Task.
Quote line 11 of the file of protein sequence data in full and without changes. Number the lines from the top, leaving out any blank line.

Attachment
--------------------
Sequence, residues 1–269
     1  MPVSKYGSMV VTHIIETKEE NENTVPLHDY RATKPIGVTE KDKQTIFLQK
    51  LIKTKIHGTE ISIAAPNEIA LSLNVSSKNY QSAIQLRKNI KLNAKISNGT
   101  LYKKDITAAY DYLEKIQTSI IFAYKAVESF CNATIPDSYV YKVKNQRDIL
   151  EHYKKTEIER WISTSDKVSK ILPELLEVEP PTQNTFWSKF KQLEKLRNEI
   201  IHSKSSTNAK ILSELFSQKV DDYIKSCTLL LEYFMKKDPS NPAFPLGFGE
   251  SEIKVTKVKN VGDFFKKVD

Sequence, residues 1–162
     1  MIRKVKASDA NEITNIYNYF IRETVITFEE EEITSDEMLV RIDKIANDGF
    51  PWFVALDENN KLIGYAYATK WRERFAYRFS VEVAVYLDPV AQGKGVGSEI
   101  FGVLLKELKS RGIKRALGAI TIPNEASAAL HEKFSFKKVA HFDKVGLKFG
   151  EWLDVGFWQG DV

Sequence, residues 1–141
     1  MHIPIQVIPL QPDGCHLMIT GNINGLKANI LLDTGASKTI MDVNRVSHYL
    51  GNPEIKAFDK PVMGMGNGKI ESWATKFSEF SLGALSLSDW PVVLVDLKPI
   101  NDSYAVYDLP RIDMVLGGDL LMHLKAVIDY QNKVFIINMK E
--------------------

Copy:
   101  FGVLLKELKS RGIKRALGAI TIPNEASAAL HEKFSFKKVA HFDKVGLKFG